The Last Days of the Ocean
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The Fate of the Ocean

Our oceans are under attack, and approaching a point of no return. Can we survive if the seas go silent?

As matters stand, we miss many messages, even those that wash ashore. Walk any beach these days and you’ll likely find miniature SOS signals littering the tide line: seabirds drowned in fishing nets, plastic flotsam, globules of oil, castaway cargo from containers lost overboard. Seek in the waters just offshore and you may well find male fish bearing eggs or ovary tissue, the unfortunate results of living near sewage outflows, where chemicals, including the copious quantities of pharmaceuticals inhabiting our bodies, flow to the sea. Despite the ocean’s fetch, there is no place on it where our impact is not seen, felt, or heard.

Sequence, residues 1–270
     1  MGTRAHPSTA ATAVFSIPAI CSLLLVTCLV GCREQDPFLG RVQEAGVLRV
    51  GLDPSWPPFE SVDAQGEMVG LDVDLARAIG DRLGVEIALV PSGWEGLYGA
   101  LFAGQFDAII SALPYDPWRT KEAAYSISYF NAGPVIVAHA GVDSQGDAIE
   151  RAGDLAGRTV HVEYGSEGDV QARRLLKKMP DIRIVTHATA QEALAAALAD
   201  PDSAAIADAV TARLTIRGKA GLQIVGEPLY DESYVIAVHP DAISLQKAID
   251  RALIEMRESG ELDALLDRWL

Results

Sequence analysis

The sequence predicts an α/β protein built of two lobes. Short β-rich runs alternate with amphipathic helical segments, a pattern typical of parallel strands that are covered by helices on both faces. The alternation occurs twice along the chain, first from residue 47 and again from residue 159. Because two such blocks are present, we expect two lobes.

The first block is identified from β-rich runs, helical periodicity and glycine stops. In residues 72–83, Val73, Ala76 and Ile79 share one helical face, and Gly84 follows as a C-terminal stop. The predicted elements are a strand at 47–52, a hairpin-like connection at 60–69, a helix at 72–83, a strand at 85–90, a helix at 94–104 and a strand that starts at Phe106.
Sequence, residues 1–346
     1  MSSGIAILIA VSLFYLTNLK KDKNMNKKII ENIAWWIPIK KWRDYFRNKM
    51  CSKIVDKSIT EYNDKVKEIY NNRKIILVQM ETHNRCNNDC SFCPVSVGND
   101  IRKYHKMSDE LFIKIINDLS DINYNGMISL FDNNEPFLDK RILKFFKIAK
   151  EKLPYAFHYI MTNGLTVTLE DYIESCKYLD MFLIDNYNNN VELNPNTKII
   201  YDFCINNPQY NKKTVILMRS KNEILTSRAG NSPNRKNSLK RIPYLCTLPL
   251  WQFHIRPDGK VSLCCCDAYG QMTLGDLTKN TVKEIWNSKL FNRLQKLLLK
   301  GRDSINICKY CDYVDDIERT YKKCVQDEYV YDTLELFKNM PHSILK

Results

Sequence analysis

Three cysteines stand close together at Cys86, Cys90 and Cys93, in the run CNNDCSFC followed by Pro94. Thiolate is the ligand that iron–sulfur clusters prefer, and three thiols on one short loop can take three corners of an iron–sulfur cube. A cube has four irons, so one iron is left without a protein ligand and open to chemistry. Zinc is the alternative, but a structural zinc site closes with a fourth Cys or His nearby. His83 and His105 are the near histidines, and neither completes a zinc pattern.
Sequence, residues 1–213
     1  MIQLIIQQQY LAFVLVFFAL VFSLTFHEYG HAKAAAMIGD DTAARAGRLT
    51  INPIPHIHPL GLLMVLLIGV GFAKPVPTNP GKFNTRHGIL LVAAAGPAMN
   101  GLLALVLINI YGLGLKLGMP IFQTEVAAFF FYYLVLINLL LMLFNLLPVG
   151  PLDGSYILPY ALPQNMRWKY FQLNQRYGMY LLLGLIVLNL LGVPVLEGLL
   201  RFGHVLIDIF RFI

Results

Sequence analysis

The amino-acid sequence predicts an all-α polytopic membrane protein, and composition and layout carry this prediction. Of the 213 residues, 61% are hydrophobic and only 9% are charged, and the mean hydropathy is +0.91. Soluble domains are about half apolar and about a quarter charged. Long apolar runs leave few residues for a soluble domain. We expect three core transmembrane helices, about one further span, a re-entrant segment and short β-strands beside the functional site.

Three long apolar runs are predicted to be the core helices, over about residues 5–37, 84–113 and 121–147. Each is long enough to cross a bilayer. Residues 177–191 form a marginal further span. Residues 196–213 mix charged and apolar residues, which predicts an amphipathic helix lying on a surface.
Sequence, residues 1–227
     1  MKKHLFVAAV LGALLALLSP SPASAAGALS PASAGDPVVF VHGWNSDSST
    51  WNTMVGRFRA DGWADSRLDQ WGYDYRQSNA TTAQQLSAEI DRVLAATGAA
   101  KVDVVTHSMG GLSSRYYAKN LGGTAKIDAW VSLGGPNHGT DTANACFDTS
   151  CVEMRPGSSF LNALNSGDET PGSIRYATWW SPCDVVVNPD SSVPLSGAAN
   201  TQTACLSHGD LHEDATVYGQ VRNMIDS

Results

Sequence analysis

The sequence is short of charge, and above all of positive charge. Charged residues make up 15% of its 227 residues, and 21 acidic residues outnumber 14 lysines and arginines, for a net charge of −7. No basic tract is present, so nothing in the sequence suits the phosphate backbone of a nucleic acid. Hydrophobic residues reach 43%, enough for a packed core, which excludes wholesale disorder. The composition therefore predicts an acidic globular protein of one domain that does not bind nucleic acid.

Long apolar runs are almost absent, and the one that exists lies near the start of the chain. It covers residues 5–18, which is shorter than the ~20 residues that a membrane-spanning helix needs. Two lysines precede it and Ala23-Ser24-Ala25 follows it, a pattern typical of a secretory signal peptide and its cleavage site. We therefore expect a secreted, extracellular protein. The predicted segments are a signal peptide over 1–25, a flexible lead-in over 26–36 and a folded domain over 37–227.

Noise is our newest assault, including the low-frequency active (LFA) sonar used by the military to detect submarines and by the oil and gas industry to search for fossil fuels. The loudest sound ever put into the seas, LFA sonar could soon be deployed across 80 percent of the world ocean, at an amplitude of 230 decibels, strident enough to kill whales and dolphins and already causing mass strandings and deaths in areas where navies conduct exercises [see “Collateral Damage”]. A few people, misfortunate enough to be in the water near LFA sonar tests, have suffered lung vibrations, seizures, disorientation, and nausea. No one knows what effects these extreme noises have on the majority of marine life that “see” underwater with their acoustical senses.